Traditionally new mums have been faced with the choice between a career and a family. According to parent advice website and forum, Mumsnet, 76% of women feel less employable when they return from maternity leave.
With the campaigning of various organisations and the introduction of flexible working into UK law, employers across the UK are waking up to the value of providing a positive environment in which its staff can be both employees and parents with varying types of support.
What is parental support?
Parental support is the ways in which an organisation enables its staff to fulfil their professional potential, while not detracting from their family lives. Parental support can come a number of forms.
While many stick to the legal minimum, other organisations opt to start their support from the very beginning of the parental journey, going above statutory minimum requirements.
Particularly for new dads, they may offer more than the legal minimum of 10 working days. Depending on the level of support, some will give new dads the option of taking extra leave unpaid, while others will go even further by offering additional leave at a percentage or even full salary.
Requesting flexible working is a legal right in the UK, and many employers recognise the value of actively encouraging a more flexible working culture.
There are several forms of flexible working, but remote working, compressed hours, part-time hours and job-sharing are likely to be most attractive to dads wanting a better work-life balance.
Things don’t always go to plan when raising a child, meaning some employers are more flexible and understanding when things happen unexpectantly.
If a child is ill, for instance, some parents are afforded a few days leave at full pay. And in other circumstances, organisations may pay childcare costs when a remote or part-time worker is required to change their schedule at short notice.
Some employers set up groups for their working parents, giving new and expecting parents the time during work hours to meet, support and advise each other both on parenting matters and the challenges of being a working parent.
Employer case study: Deloitte
One organisation leading the way in its parental support is Deloitte, the world’s largest professional services company. With over 286,000 employees around the world, Deloitte has a considerable number of parents among its workforce.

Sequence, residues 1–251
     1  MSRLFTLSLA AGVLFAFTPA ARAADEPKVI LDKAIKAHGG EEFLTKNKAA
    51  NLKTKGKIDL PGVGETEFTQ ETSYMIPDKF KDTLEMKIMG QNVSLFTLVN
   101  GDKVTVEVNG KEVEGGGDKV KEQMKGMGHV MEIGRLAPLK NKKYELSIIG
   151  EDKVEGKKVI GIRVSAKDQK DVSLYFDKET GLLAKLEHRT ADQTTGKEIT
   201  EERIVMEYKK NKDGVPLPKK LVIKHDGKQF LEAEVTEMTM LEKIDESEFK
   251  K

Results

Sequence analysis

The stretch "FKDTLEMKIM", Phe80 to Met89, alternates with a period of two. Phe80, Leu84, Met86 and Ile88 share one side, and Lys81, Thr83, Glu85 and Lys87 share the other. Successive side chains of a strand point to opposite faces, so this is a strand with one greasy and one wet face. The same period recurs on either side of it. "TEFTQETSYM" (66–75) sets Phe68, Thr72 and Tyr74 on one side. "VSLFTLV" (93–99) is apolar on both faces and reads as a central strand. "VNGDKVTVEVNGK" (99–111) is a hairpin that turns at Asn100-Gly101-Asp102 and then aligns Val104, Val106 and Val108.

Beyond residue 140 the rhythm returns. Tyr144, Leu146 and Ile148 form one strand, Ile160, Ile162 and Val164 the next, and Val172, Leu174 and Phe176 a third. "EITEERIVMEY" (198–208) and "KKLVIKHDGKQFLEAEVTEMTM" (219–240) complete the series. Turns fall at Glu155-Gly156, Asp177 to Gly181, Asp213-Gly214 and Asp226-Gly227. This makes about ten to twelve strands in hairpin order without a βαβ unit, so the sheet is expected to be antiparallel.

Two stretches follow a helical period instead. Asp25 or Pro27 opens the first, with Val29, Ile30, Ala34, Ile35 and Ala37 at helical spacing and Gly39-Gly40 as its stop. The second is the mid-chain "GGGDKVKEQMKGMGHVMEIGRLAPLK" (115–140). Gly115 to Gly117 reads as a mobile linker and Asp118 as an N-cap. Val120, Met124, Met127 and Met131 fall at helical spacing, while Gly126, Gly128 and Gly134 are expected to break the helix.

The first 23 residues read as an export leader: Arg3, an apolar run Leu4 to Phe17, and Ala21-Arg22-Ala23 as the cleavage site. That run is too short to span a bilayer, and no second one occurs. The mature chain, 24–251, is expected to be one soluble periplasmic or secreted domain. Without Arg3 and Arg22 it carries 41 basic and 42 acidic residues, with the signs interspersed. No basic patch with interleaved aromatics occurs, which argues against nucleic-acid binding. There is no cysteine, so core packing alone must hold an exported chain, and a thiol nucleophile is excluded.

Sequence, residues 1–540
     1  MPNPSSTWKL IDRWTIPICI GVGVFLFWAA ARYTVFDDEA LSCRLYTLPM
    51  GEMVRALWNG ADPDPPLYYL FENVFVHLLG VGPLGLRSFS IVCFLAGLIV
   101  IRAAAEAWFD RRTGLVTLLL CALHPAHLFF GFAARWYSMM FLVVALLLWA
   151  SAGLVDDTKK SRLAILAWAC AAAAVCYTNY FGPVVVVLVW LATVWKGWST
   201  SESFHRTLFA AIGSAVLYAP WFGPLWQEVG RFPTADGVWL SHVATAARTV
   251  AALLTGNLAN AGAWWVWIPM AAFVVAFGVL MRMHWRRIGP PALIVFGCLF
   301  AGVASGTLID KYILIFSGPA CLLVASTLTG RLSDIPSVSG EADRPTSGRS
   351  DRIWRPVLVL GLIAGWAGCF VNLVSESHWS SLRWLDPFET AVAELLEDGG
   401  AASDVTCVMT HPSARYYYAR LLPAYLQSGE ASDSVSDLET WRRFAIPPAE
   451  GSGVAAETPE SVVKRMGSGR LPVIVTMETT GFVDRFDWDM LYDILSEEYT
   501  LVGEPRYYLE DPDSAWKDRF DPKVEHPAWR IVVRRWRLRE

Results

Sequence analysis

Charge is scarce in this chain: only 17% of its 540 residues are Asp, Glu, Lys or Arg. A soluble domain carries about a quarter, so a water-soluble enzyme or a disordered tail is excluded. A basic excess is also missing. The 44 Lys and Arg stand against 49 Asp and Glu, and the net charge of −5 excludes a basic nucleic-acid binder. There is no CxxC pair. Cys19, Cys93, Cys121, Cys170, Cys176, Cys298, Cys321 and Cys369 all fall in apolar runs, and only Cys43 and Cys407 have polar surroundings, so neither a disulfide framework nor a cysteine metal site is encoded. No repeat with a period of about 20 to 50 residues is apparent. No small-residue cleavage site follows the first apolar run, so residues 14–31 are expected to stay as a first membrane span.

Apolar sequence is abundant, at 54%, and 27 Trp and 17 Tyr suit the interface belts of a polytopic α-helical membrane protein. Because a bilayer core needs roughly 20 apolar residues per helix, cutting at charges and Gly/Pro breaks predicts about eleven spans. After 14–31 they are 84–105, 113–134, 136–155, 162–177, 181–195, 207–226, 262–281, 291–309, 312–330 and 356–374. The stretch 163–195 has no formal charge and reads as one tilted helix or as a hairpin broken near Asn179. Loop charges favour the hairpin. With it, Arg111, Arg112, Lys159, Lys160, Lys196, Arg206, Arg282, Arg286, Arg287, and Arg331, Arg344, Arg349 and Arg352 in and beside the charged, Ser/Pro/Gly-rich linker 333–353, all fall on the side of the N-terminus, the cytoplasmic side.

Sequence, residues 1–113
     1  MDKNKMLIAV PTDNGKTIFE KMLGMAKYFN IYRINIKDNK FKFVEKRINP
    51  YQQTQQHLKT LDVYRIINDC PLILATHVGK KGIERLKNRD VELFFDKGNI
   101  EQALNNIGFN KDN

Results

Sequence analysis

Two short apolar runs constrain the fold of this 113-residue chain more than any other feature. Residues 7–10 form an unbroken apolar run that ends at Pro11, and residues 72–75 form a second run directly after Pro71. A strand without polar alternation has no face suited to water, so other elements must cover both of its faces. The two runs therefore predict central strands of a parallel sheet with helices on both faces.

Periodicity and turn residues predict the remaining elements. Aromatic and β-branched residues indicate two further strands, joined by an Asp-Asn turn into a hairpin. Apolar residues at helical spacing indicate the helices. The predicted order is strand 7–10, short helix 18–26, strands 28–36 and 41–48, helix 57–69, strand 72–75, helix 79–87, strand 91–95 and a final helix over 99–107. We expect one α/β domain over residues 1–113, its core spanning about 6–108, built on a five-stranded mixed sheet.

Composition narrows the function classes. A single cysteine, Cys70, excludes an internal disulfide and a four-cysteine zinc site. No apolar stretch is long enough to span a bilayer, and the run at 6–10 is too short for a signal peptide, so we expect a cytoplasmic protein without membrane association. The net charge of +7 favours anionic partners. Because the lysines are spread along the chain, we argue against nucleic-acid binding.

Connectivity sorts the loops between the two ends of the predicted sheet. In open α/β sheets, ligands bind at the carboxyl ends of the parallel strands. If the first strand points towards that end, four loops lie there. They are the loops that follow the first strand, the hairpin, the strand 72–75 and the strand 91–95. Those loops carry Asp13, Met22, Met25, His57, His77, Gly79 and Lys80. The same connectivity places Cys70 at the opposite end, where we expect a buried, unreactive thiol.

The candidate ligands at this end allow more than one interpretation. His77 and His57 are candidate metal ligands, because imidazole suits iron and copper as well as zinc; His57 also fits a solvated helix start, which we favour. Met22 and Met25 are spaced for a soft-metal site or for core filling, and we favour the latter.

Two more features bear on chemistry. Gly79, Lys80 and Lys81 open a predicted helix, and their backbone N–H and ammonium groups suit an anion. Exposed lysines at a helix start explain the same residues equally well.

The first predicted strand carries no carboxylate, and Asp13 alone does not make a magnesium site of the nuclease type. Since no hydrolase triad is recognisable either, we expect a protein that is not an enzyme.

In 2018, it received accreditation from Mumsnet’s Family Friendly programme as an employer that goes the extra mile to support its working parents, and has consistently been named in Top 10 Employers for Working Families over the past 10 years.
In their own words:
“As an inclusive employer that wants to attract and retain the best talent, we know it’s important to people to be able to balance their careers with commitments outside of work, whether that is as a working parent or carer, or to pursue other interests.
Working Families Network
Our Working Families Network has been around for 10+ years. Emergency back-up care and our 24/7 advice line have also been available for a number of years. Our agile working approach was introduced in 2014, followed in June 2015 by the introduction of our Working Parents Transition Programme.
In 2013, people were telling us they wanted a better work-life balance, despite us providing all standard flexible working options. Our working mothers, in particular, were struggling to believe they could have a successful career and be a parent – and some were leaving us as a result.
Now, work life balance is no longer the main reason people choose to leave our firm, people actually choose to join us because of our approach to agile working.
Working Parents Transition Programme
Since introducing the Working Parents Transitions Programme (which sees external coaches provide pre and post-natal support to parents) in 2015, we have seen a 10% increase in retention of women after maternity leave and 94% of senior women who have completed the course have stayed with the firm.
We recognised that the retention of female talent after maternity leave was affecting the potential pipeline of women able to progress to more senior roles, thereby impacting the achievement of our aim to increase female representation in the partnership to 25% by 2020.